- Methods for calculating heat transfer

**Unsteady state energy and mass balances**

- Understanding "accumulation"
- Unsteady-state mass balance (discretized)
- Discretized unsteady-state mass balance
- A glimpse of things to come

( A note: there are many, many, many different forms of the energy balance out there for specific situations, this one is somewhat general but does not get into internals of the system at all and thus cant tell us about local temperature profiles and stuff like that. Also, this is most useful form for heat-dominated processes; for mostly mechanical processes a different form is more useful)

- Open and Closed-system problems (examples)

## Chapter 8: Combining energy and mass balances in non-reacting systemsEdit

- The basic idea

- Most common unknowns
- What is in common between the balances?

- Several example problems illustrating how to combine these two concepts.

- Without phase change
- With phase change

## Chapter 9: Introduction to energy balances on reacting systemsEdit

- What's different for a reacting system?

- Incorporating heat of reaction into the energy balance
- Putting it all together: steady-state mass/energy balance problem with reaction(s)

## Appendix 1: Useful Mathematical MethodsEdit

**Basic Statistics and Data Analysis**

- Linear Regression
- Transformation of functions into linear form (linearization)
- Interpolation and Extrapolation

**Numerical Root Finding Methods**

- Fixed Point and Weighted Fixed-Point Iteration
- Bisection Method
- Regula Falsi
- Tangent (Newton) Method

**Systems of algebraic equations**

- Explanation of Systems and Solvability
- General strategies
- Specific instances: linear equations, quadratic equations
- Example Solutions from This Text

- How to choose a scale
- Linearization's use in graphing
- Alternate axes: Log-log and semi-log plots
- Common plot types:

- Parity plots
- Residual plots

## Appendix 2: Problem Solving using ComputersEdit

- Data entry
- Manipulation and Graphing of Data
- Regression Analysis
- Goal seek

- Solving systems of equations with symbolic math toolbox
- Linear and Polynomial Regression
- Plotting functions and data points

## Appendix 3: Miscellaneous Useful InformationEdit

**Measurement of System Variables**

- Direct measurement methods for flow rates (bucket and timer, flow meters, etc.)
- Measurement methods for pressure or pressure drop (manometer, barometer, etc.)
- Measurement of velocity (orifice meters, venturi meters, etc.)
- Measurement of concentration (GC, titrations, etc.)
- Measurement of temperature (types of thermocouples and thermometers)

- Standard vs. Actual Volume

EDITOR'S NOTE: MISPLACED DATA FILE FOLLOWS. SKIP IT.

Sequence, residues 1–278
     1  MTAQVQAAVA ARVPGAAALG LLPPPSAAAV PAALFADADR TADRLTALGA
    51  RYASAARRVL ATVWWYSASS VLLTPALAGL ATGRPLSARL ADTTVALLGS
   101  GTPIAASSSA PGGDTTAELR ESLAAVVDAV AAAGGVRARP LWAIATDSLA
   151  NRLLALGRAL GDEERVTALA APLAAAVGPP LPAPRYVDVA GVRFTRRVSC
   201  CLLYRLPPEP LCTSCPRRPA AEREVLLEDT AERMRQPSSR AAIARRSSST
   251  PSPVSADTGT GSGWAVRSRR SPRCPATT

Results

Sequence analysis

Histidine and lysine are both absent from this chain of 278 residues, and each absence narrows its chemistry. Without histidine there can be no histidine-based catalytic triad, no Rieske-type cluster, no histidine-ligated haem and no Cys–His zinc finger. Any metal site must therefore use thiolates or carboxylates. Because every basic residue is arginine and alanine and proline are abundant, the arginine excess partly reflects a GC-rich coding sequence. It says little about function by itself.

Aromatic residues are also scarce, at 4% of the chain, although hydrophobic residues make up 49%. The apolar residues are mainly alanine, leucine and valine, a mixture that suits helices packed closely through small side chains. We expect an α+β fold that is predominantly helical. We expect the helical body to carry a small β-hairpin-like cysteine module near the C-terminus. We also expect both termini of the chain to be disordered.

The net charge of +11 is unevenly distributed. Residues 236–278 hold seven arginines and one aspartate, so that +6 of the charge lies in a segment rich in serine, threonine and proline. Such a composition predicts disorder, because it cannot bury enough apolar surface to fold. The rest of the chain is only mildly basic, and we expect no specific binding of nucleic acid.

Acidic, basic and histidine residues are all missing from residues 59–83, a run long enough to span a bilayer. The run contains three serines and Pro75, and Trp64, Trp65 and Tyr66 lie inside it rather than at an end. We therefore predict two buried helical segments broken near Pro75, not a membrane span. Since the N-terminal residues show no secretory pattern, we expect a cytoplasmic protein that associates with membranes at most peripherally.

- Types of Moles Other than gram-mole
- Gauge Pressure vs. Absolute Pressure
- Pounds-Force vs. Pounds-Mass

- Equipment Description Summaries
- Links to Further Information

## Appendix 4: Notational GuideEdit

- Notation used in this book
- Warning about non-uniformity of notation across sources

## Appendix 5: Further ReadingEdit

Chapra, S. and Canale, R. 2002. *Numerical Methods for Engineers*, 4th ed. New York: McGraw-Hill.

Felder, R.M. and Rousseau, R.W. 2000. *Elementary Principles of Chemical Processes*, 3rd ed. New York: John Wiley & Sons.

Masterton, W. and Hurley, C. 2001. *Chemistry Principles and Reactions*, 4th ed. New York: Harcourt.

Perry, R.H. and Green, D. 1984. *Perry's Chemical Engineers Handbook*, 6th ed. New York: McGraw-Hill.

Windholz *et al*. 1976. *The Merck Index*, 9th ed. New Jersey: Merck.

General Chemistry: For a more in-depth analysis of general chemistry

Matlab: For more information on how to use MATLAB to solve problems.

Numerical Methods: For more details on the rootfinding module and other fun math (warning: it's written at a fairly advanced level)

Himmelblau, D. M. and Riggs, J. B. 2004. "Basic Principles and Calculations in Chemical Engineering", 7th ed. New York: Prentice Hall

## Appendix 6: External LinksEdit

**Data Tables**

Unit conversion table (Wikipedia)

Enthalpies of Formation (Wikipedia)

Periodic Table (Los Alamos National Laboratory)

Chemical Sciences Data Tables: Has a fair amount of useful data, including a fairly comprehensive List of Standard Entropies, and Gibbs Energies at 25oC (also a list for ions), a chart with molar masses of the elements, acid equilibrium constants, solubility products, and electric potentials. Definitely one to check out.

NIST properties: You can look up properties of many common substances, including water, many light hydrocarbons, and many gases. Data available can include density, enthalpy, entropy, Pitzer accentric factor, surface tension, Joule-Thompson coefficients, and several other variables depending on the substance and conditions selected. To see the data in tabular form, once you enter the temperature and pressure ranges you want, click "view table" and then select the property you want from the pull-down menu. It'll tell you acceptable ranges.

Generalized compressibility chart: This is very useful in the section on gases and liquids, and you should be able to find a copy of this chart in any thermodynamics book or in Perry's handbook. I've linked here so you have some clue what I'm talking about when I write about it.

Critical constants for various materials

**SIRCh: Physical Property Searches** (Selected Internet Resources)